Lucas123 writes: Smart gun developers have faced pushback from opponents who fear adoption will lead to mandates, but this week Pres. Obama embraced the technology creating the biggest customer of them all for the technology: the federal government. Obama directed the Defense Department, the Justice Department and the Department of Homeland Security to conduct or sponsor research into gun safety technology. He also instructed the departments to "review the availability of smart gun technology on a regular basis, and to explore potential ways to further its use and development to more broadly improve gun safety." Joel Moshbacher, a Rabbi from Mahwah, N.J. and national co-chair of Do Not Stand Idly By, a gun safety advocacy group that lobbied the president to invest $20 million in federal funding in smart gun tech, said the move this week is "a game changer." Moshbacher said smart gun developers he's spoken with need only a few million to move their prototypes to market, so $20 million would be a windfall for several developers. Donald Sebastian, senior vice president for research and development at the New Jersey Institute of Technology (NJIT), said federal dollars are the only way to advance the technology because of pushback by opposition groups. For example, when Armatix, a German startup, tried to introduce a smart handgun in the U.S. two years ago, it was met with vehement protests, including threats to burn down a Maryland store that was going to sell it. A second store in California that was carrying it also pulled it from its shelves citing pressure from those opposed to the tech.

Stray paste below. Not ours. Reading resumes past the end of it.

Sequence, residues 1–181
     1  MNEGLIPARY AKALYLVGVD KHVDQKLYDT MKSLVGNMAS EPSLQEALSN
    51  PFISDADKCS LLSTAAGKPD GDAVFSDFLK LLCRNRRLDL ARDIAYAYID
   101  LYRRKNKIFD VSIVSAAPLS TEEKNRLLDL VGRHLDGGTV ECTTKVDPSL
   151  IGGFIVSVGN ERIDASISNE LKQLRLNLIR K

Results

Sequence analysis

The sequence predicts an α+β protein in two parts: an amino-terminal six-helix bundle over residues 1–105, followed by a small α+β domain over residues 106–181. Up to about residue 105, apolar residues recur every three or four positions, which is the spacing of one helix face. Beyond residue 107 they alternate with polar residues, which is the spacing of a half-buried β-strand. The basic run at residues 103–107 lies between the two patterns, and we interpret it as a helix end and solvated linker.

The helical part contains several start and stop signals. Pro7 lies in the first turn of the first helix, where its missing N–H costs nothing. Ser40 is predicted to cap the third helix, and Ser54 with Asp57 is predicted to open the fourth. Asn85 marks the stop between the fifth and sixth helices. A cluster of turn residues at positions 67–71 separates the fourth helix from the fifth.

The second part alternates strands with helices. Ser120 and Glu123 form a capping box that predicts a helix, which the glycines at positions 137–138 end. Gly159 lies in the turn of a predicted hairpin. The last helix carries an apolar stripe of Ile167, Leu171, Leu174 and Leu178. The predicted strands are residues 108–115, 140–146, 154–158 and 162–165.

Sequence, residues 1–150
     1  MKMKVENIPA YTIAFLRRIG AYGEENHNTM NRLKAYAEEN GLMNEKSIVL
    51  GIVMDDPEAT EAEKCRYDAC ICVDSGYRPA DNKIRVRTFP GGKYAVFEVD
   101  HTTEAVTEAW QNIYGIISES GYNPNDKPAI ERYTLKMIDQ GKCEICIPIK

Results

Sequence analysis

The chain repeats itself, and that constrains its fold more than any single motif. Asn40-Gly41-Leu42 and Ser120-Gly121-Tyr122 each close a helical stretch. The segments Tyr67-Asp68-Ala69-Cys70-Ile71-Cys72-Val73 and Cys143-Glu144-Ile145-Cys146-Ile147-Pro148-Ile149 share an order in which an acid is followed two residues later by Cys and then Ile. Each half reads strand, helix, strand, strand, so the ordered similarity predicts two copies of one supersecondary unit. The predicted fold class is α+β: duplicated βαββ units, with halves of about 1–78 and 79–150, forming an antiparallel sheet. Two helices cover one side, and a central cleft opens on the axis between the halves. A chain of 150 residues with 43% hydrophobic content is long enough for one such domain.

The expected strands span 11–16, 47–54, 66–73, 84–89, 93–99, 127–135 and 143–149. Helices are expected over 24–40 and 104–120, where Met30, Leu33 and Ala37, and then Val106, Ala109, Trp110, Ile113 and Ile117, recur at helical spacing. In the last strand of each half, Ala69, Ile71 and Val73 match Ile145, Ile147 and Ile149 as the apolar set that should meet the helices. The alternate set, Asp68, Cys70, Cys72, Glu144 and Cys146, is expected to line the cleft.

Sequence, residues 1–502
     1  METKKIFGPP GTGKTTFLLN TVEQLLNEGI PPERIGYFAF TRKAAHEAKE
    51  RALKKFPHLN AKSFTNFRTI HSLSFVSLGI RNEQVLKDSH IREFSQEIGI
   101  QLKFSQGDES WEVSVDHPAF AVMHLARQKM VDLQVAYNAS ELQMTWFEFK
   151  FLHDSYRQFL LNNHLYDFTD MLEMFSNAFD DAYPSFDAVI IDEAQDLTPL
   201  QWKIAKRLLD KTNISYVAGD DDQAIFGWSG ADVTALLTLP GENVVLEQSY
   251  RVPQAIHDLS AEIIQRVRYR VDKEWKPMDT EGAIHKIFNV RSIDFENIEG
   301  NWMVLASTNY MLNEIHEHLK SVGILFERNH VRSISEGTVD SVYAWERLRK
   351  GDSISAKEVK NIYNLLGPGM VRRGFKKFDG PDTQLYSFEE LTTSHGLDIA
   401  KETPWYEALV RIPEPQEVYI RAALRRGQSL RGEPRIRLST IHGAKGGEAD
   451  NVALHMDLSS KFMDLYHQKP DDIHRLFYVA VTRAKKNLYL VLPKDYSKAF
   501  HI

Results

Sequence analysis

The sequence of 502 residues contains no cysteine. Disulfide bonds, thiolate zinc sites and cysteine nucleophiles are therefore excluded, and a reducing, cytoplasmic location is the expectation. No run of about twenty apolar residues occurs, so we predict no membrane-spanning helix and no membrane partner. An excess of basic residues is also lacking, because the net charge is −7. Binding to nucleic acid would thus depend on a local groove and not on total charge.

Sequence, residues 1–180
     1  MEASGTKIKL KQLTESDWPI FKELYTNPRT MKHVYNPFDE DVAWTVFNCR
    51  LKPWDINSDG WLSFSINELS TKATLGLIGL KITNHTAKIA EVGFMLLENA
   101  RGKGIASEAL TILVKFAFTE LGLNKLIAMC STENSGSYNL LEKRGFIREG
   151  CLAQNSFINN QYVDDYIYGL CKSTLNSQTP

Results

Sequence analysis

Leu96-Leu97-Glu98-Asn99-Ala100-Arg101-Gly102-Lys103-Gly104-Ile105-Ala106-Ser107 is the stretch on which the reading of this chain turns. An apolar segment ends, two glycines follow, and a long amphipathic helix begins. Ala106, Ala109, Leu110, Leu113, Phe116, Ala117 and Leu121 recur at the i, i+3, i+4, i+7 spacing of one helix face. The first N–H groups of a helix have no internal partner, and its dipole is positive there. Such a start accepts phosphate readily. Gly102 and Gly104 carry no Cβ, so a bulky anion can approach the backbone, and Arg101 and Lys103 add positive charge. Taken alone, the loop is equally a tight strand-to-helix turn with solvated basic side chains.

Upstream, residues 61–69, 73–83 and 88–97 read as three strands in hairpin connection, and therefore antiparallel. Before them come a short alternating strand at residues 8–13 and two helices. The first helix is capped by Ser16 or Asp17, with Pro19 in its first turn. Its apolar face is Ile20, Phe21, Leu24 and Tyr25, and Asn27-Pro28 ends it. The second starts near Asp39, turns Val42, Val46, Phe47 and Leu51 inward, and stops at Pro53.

Lucas123 writes: Indiegogo announced at CES today that is now has a crowdfunding site exclusively for big businesses, which often have hundreds of internal R&D projects or ideas that never see the light of day and could benefit from getting public exposure online. Companies such as Google, Anheuser-Busch, GE and Hasbro have already run crowdsourcing campaigns on a pilot of the new site in order to raise money for projects, garner customer ideas, or validate pre-retail products. In July, GE ran a campaign to prove market demand for a countertop nugget ice-making machine for the home. GE offered the Opal icemaker for $399 to early buyers on Indiegogo, with a future retail price of $499. GE's Opal icemaker project raised $2.64 million total from 6,177 contributions by the end of the 30-day Indiegogo campaign. The campaign also garnered 510,000 page views and 15,000 Facebook shares. Natarajan Venkatakrishnan, head of R&D for GE Appliances, said crowdsourcing allows development and marketing to be conducted at a fraction of the cost of a traditional R&D project. "If it flops, no worries. Upfront costs were some 20 times less than a traditional product rollout, which can cost tens of millions of dollars," Venkatakrishnan said. "If we're going to fail, we want to fail fast."